IS YOUR WORK LIFE AFFECTING YOUR HEALTH?

Workplace stress is one of the most common problems faced by workers the world over but is becoming particularly prevalent in Asia. The economy in Southeast Asia (sometimes referred to as the Tiger Cub economies) rapidly accelerated, which was great for business but has eventually taken a toll on the working masses.

Stress is such a broad term and can cover anything from mental fatigue caused by long hours to feeling completely overwhelmed. Unfortunately, it’s a fact that in this part of the world, there’s still a stigma attached to any sort of mental and emotional health issues so work-related stress is something that is just dealt with on your own.

Studies have shown that in countries like Singapore, Hong Kong and Malaysia; the days lost to absenteeism and presenteeism (when workers go to the office but due to illness or other issues, don’t actually work), are rising. The numbers are especially telling when compared to countries like Norway and Switzerland where an average workweek is between 27 and 30 hours with productivity levels increasing annually. This clearly shows that working long hours doesn’t equate to good productivity and can actually be detrimental to performance. Malaysians are beginning to realise this and are veering towards working less hours and having a better quality of life especially in white-collar sectors.

The definition of the workweek under the Malaysian Employment Act entails working eight hours a day up to six days a week. This adds up to 48 hours of work per week; and yet we hear of people working an average of 60 hours and thinking that’s normal! Experts have argued that with the ageing population and people having less children, a sedentary lifestyle and environmental factors, employers must ensure that workplace wellness is prioritised now.

Encouraging workplace wellness isn’t a fad. It’s been proven to increase productivity, boost morale, decrease absenteeism and health care costs, reduce stress and improve the overall temperament of the staff.

What can be done to encourage and enhance workplace wellness?

Work life balance

Most of us work to make a living – sometimes we love our job, others not so much. Bringing work home, skipping lunch and constantly stressing about deadlines means that it will be difficult separating yourself from the office. Put yourself first and make time to do sports, learn a new hobby or hang out with friends and family.

Sleep

Surviving on three to fours of sleep per night will eventually take its toll and lead to extreme fatigue, low productivity, disinterest with the task at hand and affect relationships due to feeling cranky and out of sorts. Get enough proper sleep (seven hours ideally) and the difference this makes in the office will be palpable.

Stay active

The easiest and most effective excuse to fall off the fitness bandwagon is to blame work and the long hours. No matter how busy you are, the effects of regular exercise outweighs any excuse. Going to the gym (or any form of exercise) before or after work will increase efficiency, boost your mood and creativity, make you more confident, help you to process information faster and reduce stress. Plus getting and being fit just makes you tougher!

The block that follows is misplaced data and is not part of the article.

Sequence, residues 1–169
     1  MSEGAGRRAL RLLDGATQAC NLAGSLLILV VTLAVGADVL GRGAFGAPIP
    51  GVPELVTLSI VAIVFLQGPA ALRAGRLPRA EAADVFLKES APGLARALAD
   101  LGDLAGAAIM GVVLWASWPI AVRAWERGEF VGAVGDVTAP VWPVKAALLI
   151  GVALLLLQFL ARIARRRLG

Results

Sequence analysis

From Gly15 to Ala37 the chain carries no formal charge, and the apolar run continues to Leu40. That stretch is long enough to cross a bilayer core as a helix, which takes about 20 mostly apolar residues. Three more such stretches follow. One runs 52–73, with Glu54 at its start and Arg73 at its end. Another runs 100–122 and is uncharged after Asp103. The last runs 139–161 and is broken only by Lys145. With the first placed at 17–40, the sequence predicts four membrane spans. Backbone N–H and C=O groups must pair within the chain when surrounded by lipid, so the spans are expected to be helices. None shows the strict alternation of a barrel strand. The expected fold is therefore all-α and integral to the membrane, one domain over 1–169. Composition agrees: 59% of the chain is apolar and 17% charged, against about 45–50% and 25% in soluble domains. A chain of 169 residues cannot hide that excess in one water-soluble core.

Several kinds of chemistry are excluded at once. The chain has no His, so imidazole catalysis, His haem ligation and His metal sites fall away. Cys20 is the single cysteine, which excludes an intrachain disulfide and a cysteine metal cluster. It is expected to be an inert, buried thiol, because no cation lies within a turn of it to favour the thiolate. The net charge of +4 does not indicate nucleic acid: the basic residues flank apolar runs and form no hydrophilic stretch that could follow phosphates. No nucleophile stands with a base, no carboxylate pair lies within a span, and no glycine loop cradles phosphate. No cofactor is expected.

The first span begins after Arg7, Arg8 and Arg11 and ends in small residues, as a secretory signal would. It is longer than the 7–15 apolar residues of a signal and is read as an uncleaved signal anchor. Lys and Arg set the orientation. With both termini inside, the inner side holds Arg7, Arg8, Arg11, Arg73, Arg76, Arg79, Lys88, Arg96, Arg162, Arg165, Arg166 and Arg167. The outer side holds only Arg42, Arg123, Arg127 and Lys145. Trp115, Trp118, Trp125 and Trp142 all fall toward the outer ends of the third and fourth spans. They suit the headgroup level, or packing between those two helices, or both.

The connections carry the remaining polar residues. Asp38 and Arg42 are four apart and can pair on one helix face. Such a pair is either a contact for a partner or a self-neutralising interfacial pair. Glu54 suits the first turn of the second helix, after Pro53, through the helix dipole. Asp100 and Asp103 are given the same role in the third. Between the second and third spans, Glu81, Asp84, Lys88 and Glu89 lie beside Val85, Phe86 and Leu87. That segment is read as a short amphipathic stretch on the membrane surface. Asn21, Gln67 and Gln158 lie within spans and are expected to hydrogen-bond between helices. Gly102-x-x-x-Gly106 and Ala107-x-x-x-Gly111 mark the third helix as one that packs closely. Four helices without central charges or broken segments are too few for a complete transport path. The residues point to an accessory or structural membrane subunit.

Set an efficient pace at work

The average person will be working for approximately a third of their lives. Setting an effective and healthy pace at work is an important skill to ensure you get the job done well with as little damage to yourself as possible. High-pressure jobs and high-stress bosses are bad for your health and this is proven by rising health care costs and absenteeism. Pace yourself during the day by planning ahead and practicing good time management. Easier said than done but once you achieve the balance, the benefits will encourage you to stick to the schedule.

Foster healthy relationships with co-workers

There’s nothing worse than dragging yourself to work dreading interacting with colleagues, superiors or staff. Emotional and mental well being are as important as the physical and when relationships with coworkers and bosses are strained, productivity suffers. An article in the Harvard Business Review states that a lack of loyalty, disengagement and stress are major factors in job dissatisfaction and high staff turnover. Companies must promote workplace wellness for long-term success.

Go out for lunch!

The phenomenon of the ‘al desko’ lunch is real! Take your lunch hour and step away from the desk and as much as possible, the office. Even eating in the pantry is better than eating at the desk while working; but physically leaving the office is the best option, even if it’s only for a 5-minute down the road to the local coffeeshop.

Recognition and respect

The World Health Organisation (WHO) states that recognition and respect at work is a fundamental human need. Whether we’re the CEO of a successful company or just beginning a career, being appreciated is such an important factor in keeping motivated and working hard to achieve goals.

Changing the work environment and flexible hours

The concept of flexible hours and working from home or a co-working space is gaining traction here. The benefits to both employer and employee are manifold including cost-effectiveness, better worker morale, reduced absenteeism, lower staff turnover and the ability to attract skilled workers who prefer this way of working.

Co-working spaces offer the ideal environment to accomplish all the above in a congenial (and usually very cool) environment; plus offers opportunities to network with people you may not usually meet. The freelance economy is growing rapidly and offers people better work-life balance, less stress (leading to less health problems) and the ability to try new things or even start their own business.

Purely B

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